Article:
Published: December 2003
Wigmore Hall, London, 9 December 2003

Mozart
Adagio in B minor, K540
Schumann
Kinderszenen, Op.15
Schubert
Three Pieces, D946
Six German Dances, D820
Schoenberg
Six Little Piano Pieces, Op.19
Liszt
Sonata in B minor

DVD – NAÏVE DR 2102 (68 minutes)
Recorded 27 July 2002 at La Roque d’Anthéron, Provence, France

Schubert
Moments musicaux, D780
Sonata in G, D894


Paul Lewis. Photograph: Jack Liebeck Symmetry and contrast were the defining ingredients of Paul Lewis’s thoughtful programme. As key-related bookends were the tragic expanse of Mozart’s Adagio and edifying complexities of Liszt’s Sonata, the latter’s unbroken 30-minute span contrasting with the brevity of Schubert Dances and Schoenberg Pieces, these two sets and the Liszt given as an uninterrupted sequence. The first half was concerned with innocence and experience, Schumann’s look-back to childhood coming between the short-lived Mozart’s and Schubert’s encountering of life.
In what would grow into a memorable recital, Lewis began with a too easily unfolded account of Mozart’s spare Adagio, which was followed by too plain a view of the Schumann. A raising of the stakes came with a suitably demonic traversal of the first Schubert Piece, albeit a little contained, circumspect with the music’s underlying drive and prescience. This was Schubert-playing musical to a fault, despite a tendency to over-pedal.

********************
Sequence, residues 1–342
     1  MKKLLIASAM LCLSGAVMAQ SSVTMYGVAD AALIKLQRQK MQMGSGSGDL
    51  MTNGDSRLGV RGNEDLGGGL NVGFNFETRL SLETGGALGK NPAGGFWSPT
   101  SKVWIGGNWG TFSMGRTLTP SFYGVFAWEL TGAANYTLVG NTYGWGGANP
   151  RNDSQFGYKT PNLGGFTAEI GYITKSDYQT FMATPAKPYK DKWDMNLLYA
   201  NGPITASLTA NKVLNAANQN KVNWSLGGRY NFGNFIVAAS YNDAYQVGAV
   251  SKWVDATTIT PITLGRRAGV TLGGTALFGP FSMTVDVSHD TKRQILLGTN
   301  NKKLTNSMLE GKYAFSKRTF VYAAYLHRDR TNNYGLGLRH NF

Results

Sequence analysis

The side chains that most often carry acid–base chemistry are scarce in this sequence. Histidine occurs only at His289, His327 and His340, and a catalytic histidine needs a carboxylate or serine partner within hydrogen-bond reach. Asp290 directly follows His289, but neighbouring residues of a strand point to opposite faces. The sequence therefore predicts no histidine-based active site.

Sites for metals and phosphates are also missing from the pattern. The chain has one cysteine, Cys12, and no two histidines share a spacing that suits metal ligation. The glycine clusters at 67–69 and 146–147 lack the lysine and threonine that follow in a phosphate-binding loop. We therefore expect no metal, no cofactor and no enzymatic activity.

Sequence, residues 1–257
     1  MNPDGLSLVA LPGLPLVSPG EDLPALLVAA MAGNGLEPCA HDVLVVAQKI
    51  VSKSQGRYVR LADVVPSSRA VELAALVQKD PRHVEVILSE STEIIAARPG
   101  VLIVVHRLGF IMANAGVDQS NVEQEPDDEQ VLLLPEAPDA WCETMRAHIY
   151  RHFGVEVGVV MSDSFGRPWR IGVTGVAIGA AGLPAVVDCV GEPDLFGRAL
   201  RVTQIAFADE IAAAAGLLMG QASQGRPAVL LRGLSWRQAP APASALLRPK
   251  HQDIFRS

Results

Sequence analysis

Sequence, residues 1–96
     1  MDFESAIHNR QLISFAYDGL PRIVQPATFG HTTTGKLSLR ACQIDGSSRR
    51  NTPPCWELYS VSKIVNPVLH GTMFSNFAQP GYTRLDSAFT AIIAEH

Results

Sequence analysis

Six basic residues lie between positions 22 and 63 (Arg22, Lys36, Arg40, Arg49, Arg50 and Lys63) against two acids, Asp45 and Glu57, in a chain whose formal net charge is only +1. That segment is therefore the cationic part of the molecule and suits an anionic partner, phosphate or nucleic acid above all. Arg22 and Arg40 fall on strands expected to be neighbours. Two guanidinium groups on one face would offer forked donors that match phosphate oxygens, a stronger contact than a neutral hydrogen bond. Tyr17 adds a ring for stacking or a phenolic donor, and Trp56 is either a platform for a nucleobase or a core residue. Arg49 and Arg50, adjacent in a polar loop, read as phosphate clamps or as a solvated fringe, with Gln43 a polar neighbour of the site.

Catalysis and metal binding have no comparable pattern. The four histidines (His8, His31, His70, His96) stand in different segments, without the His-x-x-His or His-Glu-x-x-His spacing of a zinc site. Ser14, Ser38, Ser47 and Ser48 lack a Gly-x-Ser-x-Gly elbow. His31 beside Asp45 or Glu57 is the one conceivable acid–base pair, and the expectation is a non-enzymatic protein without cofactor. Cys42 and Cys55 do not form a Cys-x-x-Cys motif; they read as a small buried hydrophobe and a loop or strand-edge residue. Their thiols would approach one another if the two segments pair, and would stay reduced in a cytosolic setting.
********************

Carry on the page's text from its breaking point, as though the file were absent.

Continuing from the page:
The recital’s second half was an object lesson in programme-planning, a segueing of Schubert Dances, given with simplicity and rustic vitality (and a tinge of consciousness), Schoenberg at his most fleeting – four minutes of music (same notes as Schubert, just a different order!) – and Liszt, Lewis avoiding perfume and rhetoric for a satisfyingly whole view of the grand design, heartfelt in lyricism and ennobled in climax.
Where, though, was the final bass note? I wasn’t the only one to miss it. Whether Lewis played it and it didn’t sound or he took it to dynamic evaporation or deliberately allowed it to be a ’known unknown’ one can only speculate. This was a mysterious envoi to an impressive reading that had avoided the occult to this point.
On DVD, superbly recorded, Paul Lewis plays more by the composer that might be recorded his signature, Schubert. These are focussed and concentrated performances, highly intelligent, less distracting in filmic terms than others in this Naïve series, and which serves as ample proof of Lewis’s long-term musical thinking and non-egotistical presentation. It’s a bright future!

 

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